Utah’s Bid to Take Back Its Land

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There’s little doubt that defenders of states’ rights are feeling emboldened by the perception that the Obama Administration has overstepped its authority on issues ranging from the bank bailouts to health care reform. The New York Times recently published a good piece on how local lawmakers have harnessed this notion as a rallying cry, a phenomenon that manifested itself in a rash of lawsuits and sovereignty statements (Kansas has just joined the party). The court challenge state attorneys general filed last week to the Obama Administration’s health-care reform bill, which argued the bill’s individual mandate is unconstitutional, was the most high-profile example of this tension. But a story out of Utah provides what is perhaps a more interesting flash point.

On Saturday, Gov. Gary Herbert signed two bills authorizing efforts to invoke eminent domain as a way to reclaim land from the U.S. government, which owns more than 60% of Utah. Lawmakers say the gambit could lead to a court ruling that permits Utah to take back valuable parcels, including a coal-rich plateau, from the feds. Proceeds from developing those lands would be used to bankroll the state’s cash-strapped public schools. “This is the solution to being the lowest-funded education system in the nation,” Utah Rep. Ken Sumsion, a Republican, told the Salt Lake <i>Tribune</i> last month.

As the Wall Street Journal and the AP report, however, it’s highly unlikely that judges would back a bid to seize federal lands:

The goal is to spark a U.S. Supreme Court battle that legislators’ own attorneys acknowledge has little chance of success.

But Utah Attorney General Mark Shurtleff and other Republicans say the case is still worth fighting, since the state could reap millions of dollars for state schools each year if it wins.

Framing the lawsuit – for which the state has set aside $3 million – as a way to bolster sagging schools may be politically fraught, given that Utah recently slashed education funding by $10 million. As the Journal notes, lawmakers may be hoping to capitalize on the state-sovereignty movement’s momentum, as well as a widespread frustration throughout Western states over government encroachment and federal control of natural resources. In an interview with the Deseret News after he signed the bills, Herbert summarized this irritation succinctly: “When the donkey doesn’t move sometimes you need to hit him across the head with a two by four just to get their attention.” Utah voters will have to decide whether delivering that blow is worth $3 million.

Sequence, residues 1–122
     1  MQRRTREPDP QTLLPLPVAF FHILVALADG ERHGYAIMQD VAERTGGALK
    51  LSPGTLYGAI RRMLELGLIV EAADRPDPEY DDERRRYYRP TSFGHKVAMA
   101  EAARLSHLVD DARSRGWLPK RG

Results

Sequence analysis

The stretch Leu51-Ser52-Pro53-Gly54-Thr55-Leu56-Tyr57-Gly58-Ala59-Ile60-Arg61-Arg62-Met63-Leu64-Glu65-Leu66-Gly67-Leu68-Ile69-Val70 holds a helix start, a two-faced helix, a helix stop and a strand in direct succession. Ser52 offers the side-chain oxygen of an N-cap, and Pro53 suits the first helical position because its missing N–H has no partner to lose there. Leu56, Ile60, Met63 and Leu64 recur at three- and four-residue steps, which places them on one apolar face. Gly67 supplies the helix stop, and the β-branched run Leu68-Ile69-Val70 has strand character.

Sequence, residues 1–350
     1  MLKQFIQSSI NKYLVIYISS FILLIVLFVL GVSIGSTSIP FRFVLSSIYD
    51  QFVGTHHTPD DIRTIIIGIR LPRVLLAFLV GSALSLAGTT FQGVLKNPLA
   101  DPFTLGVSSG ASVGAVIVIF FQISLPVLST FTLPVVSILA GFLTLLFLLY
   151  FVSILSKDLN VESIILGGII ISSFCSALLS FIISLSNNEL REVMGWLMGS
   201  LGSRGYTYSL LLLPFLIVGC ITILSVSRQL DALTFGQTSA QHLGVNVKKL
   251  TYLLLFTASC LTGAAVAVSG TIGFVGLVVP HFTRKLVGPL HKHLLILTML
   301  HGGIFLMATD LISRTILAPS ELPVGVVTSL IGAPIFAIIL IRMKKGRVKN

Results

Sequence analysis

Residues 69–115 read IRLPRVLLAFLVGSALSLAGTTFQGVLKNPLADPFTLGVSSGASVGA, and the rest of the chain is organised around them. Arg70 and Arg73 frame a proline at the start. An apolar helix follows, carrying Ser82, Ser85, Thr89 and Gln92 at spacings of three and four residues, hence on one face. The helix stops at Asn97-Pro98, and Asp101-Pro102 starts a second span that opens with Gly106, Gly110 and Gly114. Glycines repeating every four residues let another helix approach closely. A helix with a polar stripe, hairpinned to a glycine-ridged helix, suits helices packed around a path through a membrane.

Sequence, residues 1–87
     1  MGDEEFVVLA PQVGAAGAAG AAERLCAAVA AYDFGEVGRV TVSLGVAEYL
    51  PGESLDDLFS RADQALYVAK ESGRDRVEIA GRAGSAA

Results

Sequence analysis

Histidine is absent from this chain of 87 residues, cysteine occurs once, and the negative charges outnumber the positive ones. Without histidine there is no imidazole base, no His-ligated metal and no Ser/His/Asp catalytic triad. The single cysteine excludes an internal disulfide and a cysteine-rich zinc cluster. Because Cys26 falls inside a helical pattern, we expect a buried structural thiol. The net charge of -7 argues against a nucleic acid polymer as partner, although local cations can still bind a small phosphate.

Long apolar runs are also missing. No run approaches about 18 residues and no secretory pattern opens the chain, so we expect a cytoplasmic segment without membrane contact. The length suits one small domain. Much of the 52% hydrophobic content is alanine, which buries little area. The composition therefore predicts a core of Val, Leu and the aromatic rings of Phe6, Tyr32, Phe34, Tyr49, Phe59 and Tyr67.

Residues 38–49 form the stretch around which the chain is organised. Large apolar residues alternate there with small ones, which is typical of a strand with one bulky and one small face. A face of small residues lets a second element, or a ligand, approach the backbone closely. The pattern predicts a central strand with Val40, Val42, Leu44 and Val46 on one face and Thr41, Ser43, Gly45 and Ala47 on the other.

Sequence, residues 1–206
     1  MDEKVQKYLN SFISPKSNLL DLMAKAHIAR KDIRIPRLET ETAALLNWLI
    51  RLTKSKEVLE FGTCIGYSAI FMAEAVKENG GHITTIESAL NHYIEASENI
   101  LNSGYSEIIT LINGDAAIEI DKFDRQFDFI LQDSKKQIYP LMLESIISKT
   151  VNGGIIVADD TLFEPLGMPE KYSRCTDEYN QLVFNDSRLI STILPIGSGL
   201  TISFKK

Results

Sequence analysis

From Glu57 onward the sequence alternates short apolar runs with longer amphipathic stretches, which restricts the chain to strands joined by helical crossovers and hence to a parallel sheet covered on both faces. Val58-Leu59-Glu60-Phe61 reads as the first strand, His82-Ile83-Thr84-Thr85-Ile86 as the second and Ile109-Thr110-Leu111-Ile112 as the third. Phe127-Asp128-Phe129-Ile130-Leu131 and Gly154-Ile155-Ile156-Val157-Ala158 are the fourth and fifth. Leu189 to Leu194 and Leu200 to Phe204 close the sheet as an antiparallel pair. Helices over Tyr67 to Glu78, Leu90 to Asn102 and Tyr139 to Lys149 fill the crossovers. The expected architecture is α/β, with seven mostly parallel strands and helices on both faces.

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jdsnys
jdsnys

Article I Section 8 discusses Federal Land as follows:

"To exercise exclusive legislation in all cases whatsoever, over such District (not exceeding ten miles square) as may, by cession of particular states, and the acceptance of Congress, become the seat of the government of the United States, and to exercise like authority over all places purchased by the consent of the legislature of the state in which the same shall be, for the erection of forts, magazines, arsenals, dockyards, and other needful buildings;"

The Tenth Amendmend reads:

 "The powers not delegated to the United States by the Constitution, nor prohibited by it to the states, are reserved to the states respectively, or to the people."

 Based on the above it appears that the scope of Federal Land ownership is limited to a small list of items that does not include forest or other land reserves, and also be approved by the state legislature.  Based on the 10th all other land purchases go to the state and people respectively.

The constitution seems to allow the central government to own land very purposes that support its enumerated responsibilities of defense by allowing arsenals, forts,  magazines, dockyards, and other needful building for things like IRS offices.

Am I missing something here?  In that national forest, national parks, and other land reserves are not in the list, how can  they be constitutional?